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September 2008

Kodak Makes Me A Super Hero!

It's official. I'm now a super hero thanks to a new viral marketing campaign by Kodak.

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Created by San Francisco based agency EVB, the "Make Me Super" campaign lets you download an image of yourself and superimpose it into the face and body of a superhero. A video is created, and all of a sudden you're the star of the show.

It's incredibly amusing, and the music is pretty catchy too. If you wish, you're able to purchase your superhero image emblazoned on a mug or mousepad. The campaign is fun, memorable, personalized, and you're able to pass the video on to friends. The tagline at the bottom of the custom edit page says "Kodak Gallery make something", so you get the feeling that it's OK to do something funny (or silly, depending on your perspective of life), if it's a way of expressing your creativity.

I wish more ad campaigns were this fun. Kodak has a history of hiring agencies that use intriguing and interactive techniques. Years ago, OgilvyInteractive incorporated the principles of digital storytelling into the design of a multiple award-winning campaign called "The Adventures of John." It appeared in the form of a stick man comic strip which showed up as banner ad teasers on media sites such as 24/7 Network, Engage Network, Toronto.com and Sympatico.ca.

The interactive story eventually brought the audience to a Kodak product page that contained the message "It's not the same without pictures."

Do you think interactive storytelling works in the adspace? If so, what is it about this technique that grabs your attention..if not, why not? What was your impression of the "Make Me Super" campaign?


What Happened To The Real Risk-Takers?

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This weekend we went to see Who Do You Love at the Toronto International Film Festival. The movie is director Jerry Zaks riveting rendition of the story of Leonard Chess, the founder of Chicago based Chess records that helped catapult legendary musicians Etta James, Muddy Waters and Bo Diddley to fame and fortune.

Leonard Chess, a Jewish man running a junkyard in the forties, teamed up with his brother Phil and opened a nightclub that catered to blues musicians. What's interesting about the movie goes far beyond the classic "immigrant works hard to reach the American Dream story."

What makes the story so real and inspiring is how Leonard Chess reached the top with absolutely no background in music - nor any connection to the music industry. He and his brother ran a junkyard, yet Chess was able to sense something great in the music of the time that ended up having universal appeal with the American public. He had a vision and a sense that he was onto something - and he took risks that many in his shoes would not have taken.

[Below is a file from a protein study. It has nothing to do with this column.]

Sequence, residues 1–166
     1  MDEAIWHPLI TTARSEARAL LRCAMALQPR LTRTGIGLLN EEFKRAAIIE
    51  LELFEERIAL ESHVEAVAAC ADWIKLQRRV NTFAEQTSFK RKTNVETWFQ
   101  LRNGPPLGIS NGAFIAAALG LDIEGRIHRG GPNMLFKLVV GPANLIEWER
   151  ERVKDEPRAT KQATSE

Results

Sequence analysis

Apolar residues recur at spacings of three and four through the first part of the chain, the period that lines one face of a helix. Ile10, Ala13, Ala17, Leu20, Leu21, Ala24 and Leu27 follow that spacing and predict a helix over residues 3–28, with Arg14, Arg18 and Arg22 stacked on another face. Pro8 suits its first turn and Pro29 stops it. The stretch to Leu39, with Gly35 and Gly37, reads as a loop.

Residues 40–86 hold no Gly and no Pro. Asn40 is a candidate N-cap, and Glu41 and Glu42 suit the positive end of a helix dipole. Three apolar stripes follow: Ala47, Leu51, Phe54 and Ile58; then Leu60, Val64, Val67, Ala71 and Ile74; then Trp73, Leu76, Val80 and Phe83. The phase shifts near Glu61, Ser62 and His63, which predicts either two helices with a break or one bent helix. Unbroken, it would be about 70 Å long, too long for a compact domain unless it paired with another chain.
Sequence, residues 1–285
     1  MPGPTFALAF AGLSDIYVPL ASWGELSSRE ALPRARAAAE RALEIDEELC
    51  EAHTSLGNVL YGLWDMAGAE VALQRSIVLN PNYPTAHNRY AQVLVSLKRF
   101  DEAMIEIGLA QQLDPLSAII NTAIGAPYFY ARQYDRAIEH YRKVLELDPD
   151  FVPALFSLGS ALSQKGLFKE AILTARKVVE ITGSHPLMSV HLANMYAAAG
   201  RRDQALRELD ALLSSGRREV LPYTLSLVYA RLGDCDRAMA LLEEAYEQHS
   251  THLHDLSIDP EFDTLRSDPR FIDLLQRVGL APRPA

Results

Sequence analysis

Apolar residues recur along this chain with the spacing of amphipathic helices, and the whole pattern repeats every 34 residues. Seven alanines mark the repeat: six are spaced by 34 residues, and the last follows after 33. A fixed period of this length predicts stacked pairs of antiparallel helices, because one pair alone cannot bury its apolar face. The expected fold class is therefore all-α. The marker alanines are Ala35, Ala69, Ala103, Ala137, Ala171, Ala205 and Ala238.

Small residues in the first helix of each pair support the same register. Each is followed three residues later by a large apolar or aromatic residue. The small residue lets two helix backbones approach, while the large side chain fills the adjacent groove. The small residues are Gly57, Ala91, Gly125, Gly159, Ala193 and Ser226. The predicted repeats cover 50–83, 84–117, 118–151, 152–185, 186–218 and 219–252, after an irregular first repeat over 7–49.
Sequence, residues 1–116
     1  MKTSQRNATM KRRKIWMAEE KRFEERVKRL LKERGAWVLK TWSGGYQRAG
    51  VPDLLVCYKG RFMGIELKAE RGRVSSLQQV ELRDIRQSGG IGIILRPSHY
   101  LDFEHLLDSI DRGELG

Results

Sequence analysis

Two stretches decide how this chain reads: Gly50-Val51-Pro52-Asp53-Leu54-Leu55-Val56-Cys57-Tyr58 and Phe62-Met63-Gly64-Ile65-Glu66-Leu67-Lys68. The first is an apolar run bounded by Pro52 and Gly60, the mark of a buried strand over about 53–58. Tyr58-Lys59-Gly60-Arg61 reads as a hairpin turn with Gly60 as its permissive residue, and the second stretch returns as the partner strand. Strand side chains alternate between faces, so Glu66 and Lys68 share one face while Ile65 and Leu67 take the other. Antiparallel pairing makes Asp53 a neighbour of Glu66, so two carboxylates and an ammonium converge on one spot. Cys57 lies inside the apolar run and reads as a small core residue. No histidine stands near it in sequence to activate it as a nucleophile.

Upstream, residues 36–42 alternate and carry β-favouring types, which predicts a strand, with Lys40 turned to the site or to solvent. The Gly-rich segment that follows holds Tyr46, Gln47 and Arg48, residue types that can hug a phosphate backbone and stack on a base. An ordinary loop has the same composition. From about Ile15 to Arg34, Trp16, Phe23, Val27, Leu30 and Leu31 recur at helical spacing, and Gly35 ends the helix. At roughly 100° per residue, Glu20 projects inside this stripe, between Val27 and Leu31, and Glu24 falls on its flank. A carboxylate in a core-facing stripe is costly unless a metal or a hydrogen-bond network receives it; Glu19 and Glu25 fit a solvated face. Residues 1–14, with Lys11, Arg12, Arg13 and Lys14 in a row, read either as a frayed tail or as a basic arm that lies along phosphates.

Leonard Chess could have gone on in life leading the comfortable life of a working-class Dad, yet he followed his instinct and his drive and passion led him to a place beyond his wildest dreams. He followed his gut, without knowing anything about the business and made up his own rules along the way. Mistakes were made, but he went on and somehow worked everything out. While he had an incredible business sense and thrived on the art of the deal, Chess also possessed an almost child-like quality in his dealings. To him, there were no obstacles because he didn't know enough about the business to know what he was getting into. Without that knowledge, he operated on pure gut instinct and a keen marketing sense on what the American public needed and wanted.

In the corporate world where conformity is still rewarded and often revered, what we need are more people like Leonard Chess. People who operate by gut instinct, people who are willing to take a chance on the new guy. It doesn't matter if you never had a hit record - what mattered was your potential as an artist and how that potential could strike a very deep chord within the target audience. Every single artist who signed on with Chess records got there because someone saw their talent - and believed in them. Without that, they would have been nothing - or at least their careers would have waited until someone else figured out their talent and value as artists.

So, if you took the time to sit down and envision the kind of future you'd like to live..."Who (or what) do you love?"